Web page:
Adam Hair wrote:All that is needed is a large enough set of positions where there
is a set of at least two "best moves". Positions that where the engines
tend to choose the same move have to be removed, as Don has been
doing. Also, positions where engines can not make up their mind on
their selection ( when repeatedly tested at that position) should be
removed. Those positions just add random noise to the test. If these
things are done, then you can reliably measure how *dissimilar 2 engines
It seems to me that to create such a set of positions would take a year.
I believe that Don said the positions that were being used were the
offshoot from something else he and Larry Kaufman were doing.
But, the positions could be randomly chosen from any quality database.
Here is the blueprint I see to creating a good set of positions for Don's
Let's equate move selection to a loaded die, where each face of the die
corresponds to a good move available for a given position. We desire
positions where the die is loaded ( favoring one face) for each engine.
When an individual engine is repeatedly given a position to think about,
it should tend roll the same number with high probability ( chose the
For each position, the dice should not all be loaded the same. That would
correspond to most/all the engines selecting the same move. Those
positions can be found by testing a number of unrelated engines and
seeing for which positions do they tend to chose the same move. It does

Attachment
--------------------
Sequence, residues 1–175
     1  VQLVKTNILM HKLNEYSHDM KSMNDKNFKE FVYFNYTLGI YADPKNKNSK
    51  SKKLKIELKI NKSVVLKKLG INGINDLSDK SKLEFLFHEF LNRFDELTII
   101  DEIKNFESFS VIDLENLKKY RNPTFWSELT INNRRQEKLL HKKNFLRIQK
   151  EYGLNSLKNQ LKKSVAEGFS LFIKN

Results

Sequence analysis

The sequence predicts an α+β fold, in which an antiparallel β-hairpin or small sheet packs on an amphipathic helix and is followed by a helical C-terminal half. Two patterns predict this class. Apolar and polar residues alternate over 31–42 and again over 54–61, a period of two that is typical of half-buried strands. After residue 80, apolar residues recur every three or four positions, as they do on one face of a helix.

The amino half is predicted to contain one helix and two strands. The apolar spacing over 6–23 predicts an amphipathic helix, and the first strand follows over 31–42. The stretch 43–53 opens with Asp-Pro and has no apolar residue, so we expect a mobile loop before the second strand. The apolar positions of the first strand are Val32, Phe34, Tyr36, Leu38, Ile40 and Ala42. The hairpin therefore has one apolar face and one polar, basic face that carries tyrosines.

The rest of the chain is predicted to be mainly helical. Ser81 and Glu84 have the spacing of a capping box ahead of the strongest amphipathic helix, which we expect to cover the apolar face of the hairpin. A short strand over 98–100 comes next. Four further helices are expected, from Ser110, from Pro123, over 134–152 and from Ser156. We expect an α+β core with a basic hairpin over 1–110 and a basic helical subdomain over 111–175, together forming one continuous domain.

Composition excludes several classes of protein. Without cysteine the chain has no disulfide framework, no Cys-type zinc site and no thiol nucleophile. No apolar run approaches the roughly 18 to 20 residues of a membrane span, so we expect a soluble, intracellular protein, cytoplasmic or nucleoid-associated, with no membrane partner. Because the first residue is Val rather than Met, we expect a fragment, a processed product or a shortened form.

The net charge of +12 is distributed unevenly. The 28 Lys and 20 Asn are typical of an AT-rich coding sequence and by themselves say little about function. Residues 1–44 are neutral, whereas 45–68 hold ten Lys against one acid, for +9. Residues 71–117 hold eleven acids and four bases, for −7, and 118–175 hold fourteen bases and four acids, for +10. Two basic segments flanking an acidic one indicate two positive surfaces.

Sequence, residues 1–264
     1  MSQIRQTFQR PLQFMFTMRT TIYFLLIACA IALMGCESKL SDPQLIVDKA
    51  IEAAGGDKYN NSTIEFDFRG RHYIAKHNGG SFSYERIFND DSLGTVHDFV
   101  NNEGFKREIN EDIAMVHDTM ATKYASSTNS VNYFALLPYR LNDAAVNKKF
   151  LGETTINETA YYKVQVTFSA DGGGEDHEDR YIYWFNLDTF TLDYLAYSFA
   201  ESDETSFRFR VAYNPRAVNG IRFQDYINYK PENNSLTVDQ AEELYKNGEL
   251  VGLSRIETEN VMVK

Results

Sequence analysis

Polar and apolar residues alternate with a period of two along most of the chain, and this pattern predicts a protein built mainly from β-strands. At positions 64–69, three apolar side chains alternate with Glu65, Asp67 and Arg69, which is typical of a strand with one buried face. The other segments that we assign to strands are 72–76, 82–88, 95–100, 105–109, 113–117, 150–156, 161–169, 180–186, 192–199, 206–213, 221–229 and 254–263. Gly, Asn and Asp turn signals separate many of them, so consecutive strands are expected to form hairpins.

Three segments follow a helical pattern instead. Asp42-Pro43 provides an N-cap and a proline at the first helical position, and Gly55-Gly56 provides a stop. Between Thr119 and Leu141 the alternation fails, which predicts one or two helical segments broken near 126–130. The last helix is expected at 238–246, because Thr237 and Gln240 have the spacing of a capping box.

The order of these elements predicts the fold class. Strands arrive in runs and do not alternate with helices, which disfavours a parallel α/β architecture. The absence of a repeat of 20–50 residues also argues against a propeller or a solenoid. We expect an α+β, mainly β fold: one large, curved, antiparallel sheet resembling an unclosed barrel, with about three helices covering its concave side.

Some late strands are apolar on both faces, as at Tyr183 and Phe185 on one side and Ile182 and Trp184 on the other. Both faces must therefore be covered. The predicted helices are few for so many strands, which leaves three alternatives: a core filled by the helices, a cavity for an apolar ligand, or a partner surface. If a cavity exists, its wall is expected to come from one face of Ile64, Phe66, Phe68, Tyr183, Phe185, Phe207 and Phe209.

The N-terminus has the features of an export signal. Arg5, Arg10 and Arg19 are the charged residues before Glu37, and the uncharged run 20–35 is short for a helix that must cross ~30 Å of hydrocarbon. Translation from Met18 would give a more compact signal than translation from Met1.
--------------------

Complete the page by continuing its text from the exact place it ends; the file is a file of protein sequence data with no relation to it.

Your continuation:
not have to be 100% agreement. Depending on the number of unrelated
engines used ( more is better ), statistics can be used to determine the
Also, we would need to see if the dice are loaded. It does no good to
have a large number of positions where each engine's move selection
is more or less random. This would violate an assumption of the test,
that each engine has a preferred move. Too many positions with this
characteristic renders the test invalid. How can these positions be
found so that they can be removed? Choose a set of unrelated engines.
Test them a number of times ( I think 20 to 30 times would be good, that
allows certain assumptions about the distribution of the move selections
to be used). Find the positions where a large fraction of the engines
do not have a definite move choice.
It would take some time to collect the necessary number of positions.
However, the set of positions does not have to be perfect, as far as the
criteria above goes. Miguel's analysis program can deal with some random
noise. And a total of 2000 positions ( or less, depends on the number
of engines being compared) would be enough. I don't think it would
take an excessive amount of time to accumulate that amount of positions
from scratch, provided of course you are not trying to examine the move
choices by eye.